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How Do You Know When Your Team Is Disfunctional?


Oars Forward!

You know, I have been asked about why our name is Oars Forward. It comes from Patrick Lencioni’s Book “The Five Dysfunctions Of A Team”. Mr Lencioni compared a well functioning team to race sculling vessel. “If you could get all the people in the organization rowing in the same direction, you could dominate any industry, in any market, against any competition, at any time.”

We started with the notion that if the whole is is moving forward, they can get to their destination (their goal) much faster with greater efficiency.

What are some symptoms that your team is not all rowing in the same direction or even that their oars are hardly in the water?

Idea Sabotage

This is a hijack of good ideas and not letting new ideas see the light of day. This can happen by saying “This will not work well here” It can happen when someone says “We tried that 3 years ago and it failed” People can fight new ideas because it takes them out of their comfort zone. The point here is that a team coach and leader needs to be sensitive to how new ideas are received by the group and new ideas need to be explored regularly because the business environment is constantly changing. What was not viable three years ago may be very viable today. The coach must encourage open communications and discussions of new ideas and let them see the light of day. This isn’t to say you incorporate or act on all new ideas, it is just that you consider them and give the team member who is introducing the idea some air time to explain the idea and how they think it will help the team.People even stop throwing out new ideas and complacency sets in when new ideas are not given air time for the group to discuss.

Behavioral Stuff

Teams can begin to show dis-function when there are sub-groups with in the team that operate within their own silos. Communication is not shared openly with all team members and these silos that are formed hurt team morale and efficiency. What causes some of these silos to form? It can as simple as some off handed remark, passing judgement before an idea is fully explored. It can be passive aggressive behavior that can be defined as stubbornness, resentment, procrastination and repeated failure to accomplish requested tasks. When other team members see some one “getting away with it” it makes them question why they should need to be doing what has been asked of them. The idea of one bad apple spoiling the barrel and creating bad team morale comes to mind here. As the leader and coach, you need to jump on this and make sure it is apparent that expectations apply to all team members and not just a few. This needs to be enforced or the boat slows down and falters as it moves to the destination. Bullying within a team can not be tolerated. Everyone needs to be held accountable for their own actions and results. They need to accept responsibility for their outcomes.

Coach George Raveling -A living legend as a basketball coach and VP of Nike has a favorite saying “If it is to be…its up to me.” This is a great way to be accountable for your actions and results.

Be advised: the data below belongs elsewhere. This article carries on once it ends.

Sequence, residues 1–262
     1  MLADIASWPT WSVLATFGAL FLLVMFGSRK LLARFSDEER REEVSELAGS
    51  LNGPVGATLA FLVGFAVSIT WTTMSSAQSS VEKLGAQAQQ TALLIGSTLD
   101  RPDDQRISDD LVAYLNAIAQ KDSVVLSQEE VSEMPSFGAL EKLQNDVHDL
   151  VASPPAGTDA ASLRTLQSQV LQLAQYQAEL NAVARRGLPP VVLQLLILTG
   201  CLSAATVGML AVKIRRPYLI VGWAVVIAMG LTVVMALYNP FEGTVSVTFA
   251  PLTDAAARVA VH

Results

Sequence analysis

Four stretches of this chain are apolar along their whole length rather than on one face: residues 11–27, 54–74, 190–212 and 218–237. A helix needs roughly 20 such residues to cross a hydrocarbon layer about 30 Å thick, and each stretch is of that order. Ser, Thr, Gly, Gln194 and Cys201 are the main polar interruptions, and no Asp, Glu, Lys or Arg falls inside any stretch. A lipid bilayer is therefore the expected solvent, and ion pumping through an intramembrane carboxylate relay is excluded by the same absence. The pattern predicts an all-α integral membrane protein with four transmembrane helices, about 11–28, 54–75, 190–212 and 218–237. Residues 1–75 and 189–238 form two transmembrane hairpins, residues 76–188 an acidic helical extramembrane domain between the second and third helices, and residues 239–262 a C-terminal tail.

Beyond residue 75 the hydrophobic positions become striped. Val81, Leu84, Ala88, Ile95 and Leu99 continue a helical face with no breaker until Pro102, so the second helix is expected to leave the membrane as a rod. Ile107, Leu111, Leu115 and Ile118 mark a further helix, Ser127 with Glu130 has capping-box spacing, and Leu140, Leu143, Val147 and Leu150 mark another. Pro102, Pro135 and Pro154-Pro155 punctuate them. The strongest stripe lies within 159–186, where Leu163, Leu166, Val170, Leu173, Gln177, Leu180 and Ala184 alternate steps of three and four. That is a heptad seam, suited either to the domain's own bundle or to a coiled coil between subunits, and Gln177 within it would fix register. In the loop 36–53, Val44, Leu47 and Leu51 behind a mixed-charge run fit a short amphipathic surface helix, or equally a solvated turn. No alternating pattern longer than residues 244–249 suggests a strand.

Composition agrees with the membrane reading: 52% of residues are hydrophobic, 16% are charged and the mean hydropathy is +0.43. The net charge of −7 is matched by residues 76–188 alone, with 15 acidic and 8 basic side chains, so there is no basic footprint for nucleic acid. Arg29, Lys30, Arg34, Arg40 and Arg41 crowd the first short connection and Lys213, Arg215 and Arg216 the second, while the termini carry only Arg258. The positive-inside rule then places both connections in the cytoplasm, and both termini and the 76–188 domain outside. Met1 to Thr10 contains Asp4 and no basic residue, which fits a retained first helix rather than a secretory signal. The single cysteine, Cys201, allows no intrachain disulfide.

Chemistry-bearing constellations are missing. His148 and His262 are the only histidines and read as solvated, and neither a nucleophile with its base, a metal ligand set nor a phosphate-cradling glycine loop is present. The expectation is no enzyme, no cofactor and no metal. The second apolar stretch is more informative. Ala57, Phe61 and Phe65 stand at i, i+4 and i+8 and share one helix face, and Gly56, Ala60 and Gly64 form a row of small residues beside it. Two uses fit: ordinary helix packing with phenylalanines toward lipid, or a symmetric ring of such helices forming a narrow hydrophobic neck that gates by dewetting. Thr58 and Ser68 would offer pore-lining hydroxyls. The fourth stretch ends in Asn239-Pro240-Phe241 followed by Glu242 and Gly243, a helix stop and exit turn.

Communication Breakdown

The importance of communication in the team can not be over emphasized. The team will not agree on all ideas. Team members need to communicate with each other as often as possible. You as the team leader should be having minimum 1-1 meetings with everyone on your team at least once per week. For a free 1:1 template for this meeting Click Here

Monthly team meetings are important because the team can discuss common issues and events and team members can discuss things openly and present ideas to the team. People in the team can disagree agreeably.  Respectful debate and constructive conflicts can propel a team to new levels We recommend monthly meetings as a way to keep a team functioning at the highest level.  We have developed a monthly meeting checklist . If you would like to download it, Your Monthly Meeting Checklist  is here.

The way new ideas are treated is important and it is up to the team leader and coach to develop the framework and code of conduct for the team when new ideas are introduced and then what kind of discussions take place and how. Respect is key and the various team members that are in disagreement need to know how much time to allot for discussion and conflict resolution and then when to move one. These guidelines are set up by you, the team leader. This also includes a set of ground rules for behavior, making decisions,sharing and supporting new information and treatment of all team members. If you would like some further coaching guidelines and 20 things to help you coach better, Here is Your Coaching Checklist

Coaching a high performance team is one of the most gratifying and exhilarating things you can do as a senior leader. You can take pride in the development of your team and the team’s accomplishments. There are a number of things to keep your eye on but the more you re-enforce the expected behaviors and expectations, the more your team will exhibit them.  Check out more from our website  Oars Forward

Let me know how we can help you coach your team to greatness.

I wish you Good Coaching and Hope Your Team Is Rowing In The Same Direction!




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